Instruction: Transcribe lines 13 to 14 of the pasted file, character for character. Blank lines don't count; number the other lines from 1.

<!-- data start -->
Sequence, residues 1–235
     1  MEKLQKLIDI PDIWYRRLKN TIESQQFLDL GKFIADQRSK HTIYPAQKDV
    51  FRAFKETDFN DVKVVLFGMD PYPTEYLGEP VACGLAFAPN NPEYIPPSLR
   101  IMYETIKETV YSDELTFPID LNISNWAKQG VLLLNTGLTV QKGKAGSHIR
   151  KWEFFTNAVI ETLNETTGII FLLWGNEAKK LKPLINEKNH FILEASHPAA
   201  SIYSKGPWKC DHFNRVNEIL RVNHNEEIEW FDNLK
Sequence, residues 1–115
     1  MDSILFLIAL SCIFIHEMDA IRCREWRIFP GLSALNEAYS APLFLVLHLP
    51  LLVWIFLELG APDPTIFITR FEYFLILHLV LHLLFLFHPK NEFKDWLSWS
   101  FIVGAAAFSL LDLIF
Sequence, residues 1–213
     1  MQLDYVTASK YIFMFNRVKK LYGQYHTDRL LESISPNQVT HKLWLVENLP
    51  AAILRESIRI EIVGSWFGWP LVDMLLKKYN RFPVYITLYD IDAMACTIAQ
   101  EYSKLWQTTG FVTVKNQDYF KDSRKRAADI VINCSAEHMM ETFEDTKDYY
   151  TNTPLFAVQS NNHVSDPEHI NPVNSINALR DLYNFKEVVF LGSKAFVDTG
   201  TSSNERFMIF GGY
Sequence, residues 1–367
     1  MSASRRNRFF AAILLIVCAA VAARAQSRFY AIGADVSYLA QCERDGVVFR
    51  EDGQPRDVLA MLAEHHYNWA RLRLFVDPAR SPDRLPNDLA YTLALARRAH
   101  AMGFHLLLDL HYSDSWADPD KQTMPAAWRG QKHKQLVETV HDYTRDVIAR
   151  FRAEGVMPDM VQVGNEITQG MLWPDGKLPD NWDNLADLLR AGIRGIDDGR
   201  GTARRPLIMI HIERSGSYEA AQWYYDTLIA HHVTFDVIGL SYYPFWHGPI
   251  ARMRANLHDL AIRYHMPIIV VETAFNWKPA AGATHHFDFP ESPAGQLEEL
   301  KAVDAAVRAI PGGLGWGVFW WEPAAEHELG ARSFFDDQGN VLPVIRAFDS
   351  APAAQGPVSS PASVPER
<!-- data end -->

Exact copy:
    51  AAILRESIRI EIVGSWFGWP LVDMLLKKYN RFPVYITLYD IDAMACTIAQ
   101  EYSKLWQTTG FVTVKNQDYF KDSRKRAADI VINCSAEHMM ETFEDTKDYY